An Adventurous Academic Alcove
Alex’s trouble started with a mathematics course. Something about the material just didn’t click.
“I grew to to dislike the course so much that I could stare at the problem set for hours and get nowhere,” she told me.
Then she came up with a solution:
The image above was taken from the roof of the science center at Alex’s university. This is where she started to take her math homework — usually late at night.
She was definitely not supposed to be up there, but she went anyway — and for good reason.
“I would slip out onto the roof, and go to a little protected alcove I discovered. There was a roof light that lit the area and I had a nice place to sit” she said.
“The total isolation and silence, the total lack of distractions, the novelty of the location, the limited time: it made these sessions really excellently productive.”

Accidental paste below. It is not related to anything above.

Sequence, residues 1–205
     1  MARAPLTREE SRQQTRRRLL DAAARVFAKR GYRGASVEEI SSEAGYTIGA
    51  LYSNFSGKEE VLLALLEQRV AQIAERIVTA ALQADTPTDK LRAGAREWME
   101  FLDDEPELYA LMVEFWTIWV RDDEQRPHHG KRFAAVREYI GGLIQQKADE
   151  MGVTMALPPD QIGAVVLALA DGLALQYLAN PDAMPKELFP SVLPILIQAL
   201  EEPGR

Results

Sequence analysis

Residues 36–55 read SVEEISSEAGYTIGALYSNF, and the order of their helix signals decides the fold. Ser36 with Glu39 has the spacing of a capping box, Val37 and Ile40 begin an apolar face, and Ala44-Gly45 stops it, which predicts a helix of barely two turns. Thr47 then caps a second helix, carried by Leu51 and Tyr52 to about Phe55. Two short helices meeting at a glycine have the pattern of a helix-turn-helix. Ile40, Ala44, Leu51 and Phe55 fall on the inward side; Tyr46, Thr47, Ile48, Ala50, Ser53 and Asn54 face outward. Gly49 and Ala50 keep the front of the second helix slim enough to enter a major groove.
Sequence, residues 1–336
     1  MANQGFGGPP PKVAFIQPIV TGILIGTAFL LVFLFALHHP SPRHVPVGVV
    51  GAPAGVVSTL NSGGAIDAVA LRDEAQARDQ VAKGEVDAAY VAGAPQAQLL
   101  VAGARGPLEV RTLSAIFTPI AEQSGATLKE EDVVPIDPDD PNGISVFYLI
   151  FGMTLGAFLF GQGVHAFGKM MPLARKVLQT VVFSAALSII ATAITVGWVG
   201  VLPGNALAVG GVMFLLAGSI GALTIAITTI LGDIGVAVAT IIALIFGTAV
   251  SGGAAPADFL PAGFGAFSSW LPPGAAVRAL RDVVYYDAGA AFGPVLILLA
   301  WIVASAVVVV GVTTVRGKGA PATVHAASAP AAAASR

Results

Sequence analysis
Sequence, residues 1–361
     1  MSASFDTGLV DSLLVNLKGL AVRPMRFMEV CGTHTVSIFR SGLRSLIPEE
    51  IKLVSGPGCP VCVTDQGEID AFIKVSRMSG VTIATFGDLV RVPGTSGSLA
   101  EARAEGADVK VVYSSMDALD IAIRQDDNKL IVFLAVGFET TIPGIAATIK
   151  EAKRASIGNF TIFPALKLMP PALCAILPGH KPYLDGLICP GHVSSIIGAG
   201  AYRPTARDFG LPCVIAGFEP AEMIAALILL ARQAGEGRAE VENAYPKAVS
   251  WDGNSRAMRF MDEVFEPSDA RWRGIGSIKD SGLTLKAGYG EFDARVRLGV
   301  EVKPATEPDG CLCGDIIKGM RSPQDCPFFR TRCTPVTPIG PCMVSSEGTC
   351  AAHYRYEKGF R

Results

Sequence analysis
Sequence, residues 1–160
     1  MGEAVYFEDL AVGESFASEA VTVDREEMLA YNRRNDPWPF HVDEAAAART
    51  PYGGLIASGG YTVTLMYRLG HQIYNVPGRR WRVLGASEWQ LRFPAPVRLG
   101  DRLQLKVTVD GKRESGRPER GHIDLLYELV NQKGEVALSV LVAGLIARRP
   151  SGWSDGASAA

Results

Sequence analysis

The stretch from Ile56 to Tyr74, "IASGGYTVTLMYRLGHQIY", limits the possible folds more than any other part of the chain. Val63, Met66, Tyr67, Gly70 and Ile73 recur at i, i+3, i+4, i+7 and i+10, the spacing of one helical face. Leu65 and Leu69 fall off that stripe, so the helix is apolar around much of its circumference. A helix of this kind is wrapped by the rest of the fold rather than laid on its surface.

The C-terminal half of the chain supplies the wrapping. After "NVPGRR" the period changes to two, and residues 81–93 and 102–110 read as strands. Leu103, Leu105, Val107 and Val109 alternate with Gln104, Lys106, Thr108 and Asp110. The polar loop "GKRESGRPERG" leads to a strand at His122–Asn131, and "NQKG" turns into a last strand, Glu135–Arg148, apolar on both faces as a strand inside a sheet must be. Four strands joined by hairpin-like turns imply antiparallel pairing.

The Return of the Romantic Scholar
Alex’s tactic is an example of what I call adventure studying. I introduced this idea back in 2008, but I’m reintroducing it today as part of my ongoing series on the Romantic Scholar approach to student life. As you might recall, this series presents tactics for transforming your student experience from a trial to survive and into the foundation of a life well-lived.
Adventure studying, as Alex discovered, is a fantastic strategy for advancing this goal. The antiseptic library and distressed dorm lounge are so burdened with cultural significance — studying is hard, boring, tedious work — they make it near impossible to reimagine your academic experience.
Change the context, however, and you gain freedom from these signifiers. Study by a waterfall or at a quiet pub, and you take back control decisions about what role your school work plays in your life.
Keep this strategy in mind as the new semester lurks closer. Tackling your assignments can be a sublime experience, but it’s up to you to make this happen.
Just don’t let the janitor see you sneaking up the fire escape.
This post is the fifth in my series on the Romantic Scholar approach to student life, which details a collection of strategies to transform school from a trial to survive into the foundation of a life well-lived.